The Stranger in the Woods by Michael Finkel

Earlier today, as the sun was setting, I saw a red fox moving quickly across a frozen lawn. It must have felt energized by the cold and the fading light. The fox barely slowed down for a glance at a garden, and to mark one of the fence posts, before it was gone, into the trees. I thought of Christopher Knight, the elusive figure in this story. Finkel’s reporting and involvement pulls a reader right through to the end, following Knight deep in the woods of Maine, in all seasons. Knight made peace with his existence. He never bailed out for more comfortable, drier or warmer temporary shelter. The author works hard to add sense to what seems to us (but not to Knight) like a desperate and lonely and unnecessarily severe way to live: as an absolutely solitary camper and careful forager on the edge of society for 27 years: like a lone wild animal, foraging, with polite human deftness, what he needed from unoccupied cabins and camps, surviving through discipline and luck, reading the woods and reading stolen books.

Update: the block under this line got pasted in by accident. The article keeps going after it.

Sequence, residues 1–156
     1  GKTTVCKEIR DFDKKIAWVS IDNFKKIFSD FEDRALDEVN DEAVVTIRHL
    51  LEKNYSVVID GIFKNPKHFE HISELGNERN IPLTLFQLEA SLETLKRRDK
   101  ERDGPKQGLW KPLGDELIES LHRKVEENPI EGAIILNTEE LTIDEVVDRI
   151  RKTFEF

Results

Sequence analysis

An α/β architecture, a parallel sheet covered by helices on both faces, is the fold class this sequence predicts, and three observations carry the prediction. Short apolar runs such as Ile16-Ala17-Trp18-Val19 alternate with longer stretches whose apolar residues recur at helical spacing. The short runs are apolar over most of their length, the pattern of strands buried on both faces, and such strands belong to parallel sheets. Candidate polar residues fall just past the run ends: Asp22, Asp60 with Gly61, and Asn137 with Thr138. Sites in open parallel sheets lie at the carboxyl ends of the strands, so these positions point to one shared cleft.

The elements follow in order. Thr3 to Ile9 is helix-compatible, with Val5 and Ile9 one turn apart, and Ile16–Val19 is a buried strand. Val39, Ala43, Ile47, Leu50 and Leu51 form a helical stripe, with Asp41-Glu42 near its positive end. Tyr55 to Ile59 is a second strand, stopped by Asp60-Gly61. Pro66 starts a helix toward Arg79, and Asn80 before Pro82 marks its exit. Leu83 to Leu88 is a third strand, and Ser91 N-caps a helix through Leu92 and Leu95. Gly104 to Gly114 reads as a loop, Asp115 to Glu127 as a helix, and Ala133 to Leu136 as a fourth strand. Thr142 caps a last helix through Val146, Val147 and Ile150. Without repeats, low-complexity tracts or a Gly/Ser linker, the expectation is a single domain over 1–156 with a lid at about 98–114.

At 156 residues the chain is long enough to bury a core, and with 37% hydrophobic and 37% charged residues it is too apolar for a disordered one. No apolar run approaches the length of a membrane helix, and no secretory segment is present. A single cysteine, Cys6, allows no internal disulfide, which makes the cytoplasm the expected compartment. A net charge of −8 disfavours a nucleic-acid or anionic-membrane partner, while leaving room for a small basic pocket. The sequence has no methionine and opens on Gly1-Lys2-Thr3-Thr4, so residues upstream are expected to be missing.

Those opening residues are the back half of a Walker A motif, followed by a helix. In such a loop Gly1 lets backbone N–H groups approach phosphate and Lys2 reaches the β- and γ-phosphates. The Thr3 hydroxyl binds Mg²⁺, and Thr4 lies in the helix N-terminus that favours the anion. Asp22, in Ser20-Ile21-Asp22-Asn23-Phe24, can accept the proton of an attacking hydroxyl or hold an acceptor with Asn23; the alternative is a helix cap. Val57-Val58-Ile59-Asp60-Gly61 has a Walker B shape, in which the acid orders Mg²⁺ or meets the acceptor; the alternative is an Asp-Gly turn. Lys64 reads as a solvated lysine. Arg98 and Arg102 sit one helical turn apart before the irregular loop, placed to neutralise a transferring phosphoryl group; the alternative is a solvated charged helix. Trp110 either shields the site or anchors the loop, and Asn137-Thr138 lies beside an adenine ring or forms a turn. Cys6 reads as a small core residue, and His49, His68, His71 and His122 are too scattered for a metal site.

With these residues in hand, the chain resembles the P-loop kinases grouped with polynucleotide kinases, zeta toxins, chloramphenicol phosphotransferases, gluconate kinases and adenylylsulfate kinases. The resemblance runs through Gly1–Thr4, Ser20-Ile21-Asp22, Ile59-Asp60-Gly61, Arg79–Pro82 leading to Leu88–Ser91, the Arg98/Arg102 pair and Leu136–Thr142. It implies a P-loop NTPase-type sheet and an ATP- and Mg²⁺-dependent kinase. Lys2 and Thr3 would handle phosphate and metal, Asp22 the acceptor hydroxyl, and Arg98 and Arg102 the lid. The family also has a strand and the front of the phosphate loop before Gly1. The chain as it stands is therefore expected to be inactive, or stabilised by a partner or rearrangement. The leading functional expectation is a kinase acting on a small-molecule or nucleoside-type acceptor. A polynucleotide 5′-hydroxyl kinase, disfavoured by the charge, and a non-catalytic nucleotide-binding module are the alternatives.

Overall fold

See the source image

Leave a Reply

Fill in your details below or click an icon to log in: Logo

You are commenting using your account. Log Out /  Change )

Google photo

You are commenting using your Google account. Log Out /  Change )

Twitter picture

You are commenting using your Twitter account. Log Out /  Change )

Facebook photo

You are commenting using your Facebook account. Log Out /  Change )

Connecting to %s

%d bloggers like this: